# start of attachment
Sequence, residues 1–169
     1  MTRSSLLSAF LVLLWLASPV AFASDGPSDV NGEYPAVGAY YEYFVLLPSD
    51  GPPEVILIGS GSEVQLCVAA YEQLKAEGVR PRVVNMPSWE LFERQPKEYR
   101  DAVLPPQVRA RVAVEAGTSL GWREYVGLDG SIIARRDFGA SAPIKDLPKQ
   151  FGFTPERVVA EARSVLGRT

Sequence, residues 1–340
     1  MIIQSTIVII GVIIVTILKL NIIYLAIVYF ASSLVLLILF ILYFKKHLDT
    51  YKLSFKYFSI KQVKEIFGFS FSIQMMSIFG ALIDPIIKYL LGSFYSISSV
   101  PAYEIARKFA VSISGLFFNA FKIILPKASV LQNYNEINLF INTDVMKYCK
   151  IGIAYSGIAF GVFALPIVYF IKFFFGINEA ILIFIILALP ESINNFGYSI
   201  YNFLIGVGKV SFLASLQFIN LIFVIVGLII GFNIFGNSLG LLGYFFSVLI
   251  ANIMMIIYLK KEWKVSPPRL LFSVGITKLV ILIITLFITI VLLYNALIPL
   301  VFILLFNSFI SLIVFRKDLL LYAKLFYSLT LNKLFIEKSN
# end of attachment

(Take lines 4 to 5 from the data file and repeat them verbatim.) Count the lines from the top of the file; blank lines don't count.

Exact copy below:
   101  DAVLPPQVRA RVAVEAGTSL GWREYVGLDG SIIARRDFGA SAPIKDLPKQ
   151  FGFTPERVVA EARSVLGRT